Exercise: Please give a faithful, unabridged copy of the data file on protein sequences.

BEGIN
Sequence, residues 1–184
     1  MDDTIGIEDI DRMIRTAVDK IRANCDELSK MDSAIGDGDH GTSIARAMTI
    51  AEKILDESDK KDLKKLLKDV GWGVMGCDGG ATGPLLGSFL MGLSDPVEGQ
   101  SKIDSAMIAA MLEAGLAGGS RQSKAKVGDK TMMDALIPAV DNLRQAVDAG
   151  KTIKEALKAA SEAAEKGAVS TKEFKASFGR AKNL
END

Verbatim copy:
Sequence, residues 1–184
     1  MDDTIGIEDI DRMIRTAVDK IRANCDELSK MDSAIGDGDH GTSIARAMTI
    51  AEKILDESDK KDLKKLLKDV GWGVMGCDGG ATGPLLGSFL MGLSDPVEGQ
   101  SKIDSAMIAA MLEAGLAGGS RQSKAKVGDK TMMDALIPAV DNLRQAVDAG
   151  KTIKEALKAA SEAAEKGAVS TKEFKASFGR AKNL